Having someone along that can show you the ropes will certainly help get you up to speed---- but don't be afraid to get out there on your own too--- especially if no one is available to take you along.
I should also clarify a bit that there's a big difference between fishing the surf zone (with waves) and fishing "the inside"-- estuaries, the inside of inlets, river mouths and sheltered tidal flats where there tends to be more obvious structure and are generally a bit easier to fish.
The surf zone, especially along sandy beaches rather than rocky shore lines can be tough -- with a lack of permanent structure, fish tend to be highly mobile and the conditions you'll encounter of waves and wind can make fishing very difficult. Although there will be some structure along a sandy beach, it can often be subtle to the eye-- and may all change as a result of storms, wind/swell direction and tide/current stage etc. So unless you actually see fish crashing or birds screaming and diving over schools of baitfish, it can be hard to know where to begin when staring into the ocean. There's a lot of water-- most of it empty.
On the "About Beaches" page of Glenn Yoshimoto's zenflyfishing site mentioned in an earlier post there is a hyperlink to "Finding Fish" about halfway down the page-- if you click on that it'll take you to some useful info about reading a beach and identifying areas by patterns of wave breaks that are more likely to hold fish than other sections of beach because they will tend to funnel bait. Like fishing for trout in streams, often the best places to target are the seams where two different speeds (or directions) of current meet.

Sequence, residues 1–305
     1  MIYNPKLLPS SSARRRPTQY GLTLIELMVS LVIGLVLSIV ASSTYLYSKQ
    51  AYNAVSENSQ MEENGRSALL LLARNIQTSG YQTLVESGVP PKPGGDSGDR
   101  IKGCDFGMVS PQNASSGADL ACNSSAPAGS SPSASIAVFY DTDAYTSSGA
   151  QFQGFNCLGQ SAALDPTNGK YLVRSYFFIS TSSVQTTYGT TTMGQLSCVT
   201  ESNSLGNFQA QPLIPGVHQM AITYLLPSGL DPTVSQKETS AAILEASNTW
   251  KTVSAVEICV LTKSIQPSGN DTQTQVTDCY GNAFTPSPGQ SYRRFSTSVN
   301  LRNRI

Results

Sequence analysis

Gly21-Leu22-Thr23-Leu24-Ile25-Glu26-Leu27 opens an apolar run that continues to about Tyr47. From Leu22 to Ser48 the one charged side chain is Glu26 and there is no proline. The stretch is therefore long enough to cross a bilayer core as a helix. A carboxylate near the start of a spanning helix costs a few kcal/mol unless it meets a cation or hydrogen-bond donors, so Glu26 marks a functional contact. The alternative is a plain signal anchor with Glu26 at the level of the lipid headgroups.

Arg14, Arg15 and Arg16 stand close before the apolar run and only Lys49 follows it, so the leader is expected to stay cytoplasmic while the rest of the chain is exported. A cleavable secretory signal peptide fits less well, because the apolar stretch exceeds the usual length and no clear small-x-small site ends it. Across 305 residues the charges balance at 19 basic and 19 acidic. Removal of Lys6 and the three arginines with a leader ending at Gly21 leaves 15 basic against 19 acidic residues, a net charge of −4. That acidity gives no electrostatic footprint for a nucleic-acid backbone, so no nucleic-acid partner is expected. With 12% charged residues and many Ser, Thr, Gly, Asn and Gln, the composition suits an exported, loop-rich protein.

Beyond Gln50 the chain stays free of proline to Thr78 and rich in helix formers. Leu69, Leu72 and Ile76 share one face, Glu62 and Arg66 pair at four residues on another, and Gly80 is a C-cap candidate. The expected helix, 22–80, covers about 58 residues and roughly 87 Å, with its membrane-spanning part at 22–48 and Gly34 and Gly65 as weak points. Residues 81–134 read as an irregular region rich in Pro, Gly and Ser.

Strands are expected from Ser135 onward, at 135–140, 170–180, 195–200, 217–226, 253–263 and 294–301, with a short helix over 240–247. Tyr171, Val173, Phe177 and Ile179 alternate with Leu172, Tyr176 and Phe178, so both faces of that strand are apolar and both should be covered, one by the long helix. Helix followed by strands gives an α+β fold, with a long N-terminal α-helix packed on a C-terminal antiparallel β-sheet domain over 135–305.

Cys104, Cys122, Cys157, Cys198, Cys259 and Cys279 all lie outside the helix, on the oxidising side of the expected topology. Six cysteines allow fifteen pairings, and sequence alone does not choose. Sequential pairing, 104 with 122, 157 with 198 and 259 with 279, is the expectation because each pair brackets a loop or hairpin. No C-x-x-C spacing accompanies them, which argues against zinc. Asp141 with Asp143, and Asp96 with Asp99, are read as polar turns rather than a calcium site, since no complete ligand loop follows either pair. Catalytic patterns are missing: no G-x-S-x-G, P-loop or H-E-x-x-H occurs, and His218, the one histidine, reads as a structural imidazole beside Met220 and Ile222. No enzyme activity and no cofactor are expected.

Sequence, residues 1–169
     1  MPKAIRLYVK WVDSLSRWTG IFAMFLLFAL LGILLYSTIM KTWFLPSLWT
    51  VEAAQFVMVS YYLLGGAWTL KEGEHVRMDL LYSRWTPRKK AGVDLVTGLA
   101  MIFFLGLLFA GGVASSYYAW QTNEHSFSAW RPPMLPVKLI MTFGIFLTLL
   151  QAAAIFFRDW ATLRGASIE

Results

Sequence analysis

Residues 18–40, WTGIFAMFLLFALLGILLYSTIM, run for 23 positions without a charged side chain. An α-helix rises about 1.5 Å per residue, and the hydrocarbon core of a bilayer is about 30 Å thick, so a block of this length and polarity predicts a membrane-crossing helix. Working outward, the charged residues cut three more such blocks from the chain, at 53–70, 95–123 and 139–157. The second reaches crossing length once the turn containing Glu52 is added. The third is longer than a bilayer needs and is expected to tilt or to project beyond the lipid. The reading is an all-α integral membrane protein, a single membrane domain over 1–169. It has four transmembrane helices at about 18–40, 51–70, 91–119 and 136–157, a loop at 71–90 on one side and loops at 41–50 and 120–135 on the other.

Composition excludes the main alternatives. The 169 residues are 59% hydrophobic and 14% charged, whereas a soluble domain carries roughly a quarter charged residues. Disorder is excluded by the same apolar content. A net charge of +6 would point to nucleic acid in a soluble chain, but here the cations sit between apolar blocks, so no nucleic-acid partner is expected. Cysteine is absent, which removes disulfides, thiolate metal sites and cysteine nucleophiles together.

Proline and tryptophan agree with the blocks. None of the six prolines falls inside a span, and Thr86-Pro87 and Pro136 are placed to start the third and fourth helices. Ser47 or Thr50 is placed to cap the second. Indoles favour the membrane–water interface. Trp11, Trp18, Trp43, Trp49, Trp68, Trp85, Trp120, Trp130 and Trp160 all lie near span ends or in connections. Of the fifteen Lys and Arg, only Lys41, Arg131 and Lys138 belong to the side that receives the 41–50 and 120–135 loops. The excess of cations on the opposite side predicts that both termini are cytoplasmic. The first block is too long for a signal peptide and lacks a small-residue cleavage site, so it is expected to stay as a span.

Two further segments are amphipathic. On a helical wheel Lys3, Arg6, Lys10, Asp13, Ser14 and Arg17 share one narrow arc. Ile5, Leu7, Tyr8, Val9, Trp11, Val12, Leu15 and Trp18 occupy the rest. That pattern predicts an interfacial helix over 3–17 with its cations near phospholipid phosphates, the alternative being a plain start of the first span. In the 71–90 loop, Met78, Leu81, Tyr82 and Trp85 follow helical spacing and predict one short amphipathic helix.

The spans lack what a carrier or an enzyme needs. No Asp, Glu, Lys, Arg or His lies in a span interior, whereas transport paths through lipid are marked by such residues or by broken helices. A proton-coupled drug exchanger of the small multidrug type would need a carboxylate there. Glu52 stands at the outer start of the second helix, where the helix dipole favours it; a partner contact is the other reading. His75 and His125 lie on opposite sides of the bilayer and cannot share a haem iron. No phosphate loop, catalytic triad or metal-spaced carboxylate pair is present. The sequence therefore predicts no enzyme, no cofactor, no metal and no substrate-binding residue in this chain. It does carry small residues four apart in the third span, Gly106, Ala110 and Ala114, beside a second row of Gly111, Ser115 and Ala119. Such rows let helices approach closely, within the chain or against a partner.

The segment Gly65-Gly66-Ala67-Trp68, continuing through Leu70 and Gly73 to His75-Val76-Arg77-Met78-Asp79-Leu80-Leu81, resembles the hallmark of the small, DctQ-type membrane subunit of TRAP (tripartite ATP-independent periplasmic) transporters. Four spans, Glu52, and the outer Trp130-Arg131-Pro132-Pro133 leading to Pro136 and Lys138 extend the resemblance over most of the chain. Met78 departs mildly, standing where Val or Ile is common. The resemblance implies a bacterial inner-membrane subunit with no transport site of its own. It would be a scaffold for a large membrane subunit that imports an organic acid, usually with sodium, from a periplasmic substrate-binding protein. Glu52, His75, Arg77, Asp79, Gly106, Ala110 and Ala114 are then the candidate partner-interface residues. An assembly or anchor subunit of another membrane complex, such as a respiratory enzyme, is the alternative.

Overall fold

Here's some more info for you about reading a beach-- although originally written for surfcasters on the east coast targeting drum and stripers, the same info applies to fly fishers fishing the surf zone in CA for surf perch. Learn to recognize sloughs/troughs, bars, cuts and holes and you'll be well on your way to identifying the 10% of a beach that is likely to be the most productive.
Reading the water...
These structures may only appear at certain stages of tide, (it is often best to read a beach at lowest tide for future reference), but the best fishing usually occurs when the water is moving rather than slack.
Structure tends to be much more obvious when fishing inside, in more sheltered waters out of the surf zone (in estuaries, inlets, river mouths, flats in the delta etc.) or off points and jetties. If there are no local fly shops in the area, a bait and tackle shop (or weekly fishing mag) might be a good way to find out about easily accessible, wadeable areas for light tackle fishing-- for people tossing 1 oz plugs or bucktails or fishing cut bait for surf perch using 8-9' rods (rather than the bigger rods used in the high surf for distance)---- these are often the same types of spots that are perfect for fly rodders. And unlike the surf zone where the wind is often in your teeth, the force and direction of the wind inside inlets, on the lee of points etc can be much more manageable.
Once you've identified a beach or area as maybe worth exploring, check it out on Google Earth to identify structure and specific places to target. Often you'll see structure on the satellite pics that are not obvious from land.